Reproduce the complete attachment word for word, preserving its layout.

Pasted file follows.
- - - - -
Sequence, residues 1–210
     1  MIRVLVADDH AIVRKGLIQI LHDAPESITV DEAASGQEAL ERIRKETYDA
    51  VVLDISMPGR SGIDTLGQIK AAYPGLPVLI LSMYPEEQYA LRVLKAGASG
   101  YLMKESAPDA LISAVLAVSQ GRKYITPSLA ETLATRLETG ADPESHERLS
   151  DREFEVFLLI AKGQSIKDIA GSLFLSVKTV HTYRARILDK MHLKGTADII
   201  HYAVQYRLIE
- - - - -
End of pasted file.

Sequence, residues 1–210
     1  MIRVLVADDH AIVRKGLIQI LHDAPESITV DEAASGQEAL ERIRKETYDA
    51  VVLDISMPGR SGIDTLGQIK AAYPGLPVLI LSMYPEEQYA LRVLKAGASG
   101  YLMKESAPDA LISAVLAVSQ GRKYITPSLA ETLATRLETG ADPESHERLS
   151  DREFEVFLLI AKGQSIKDIA GSLFLSVKTV HTYRARILDK MHLKGTADII
   201  HYAVQYRLIE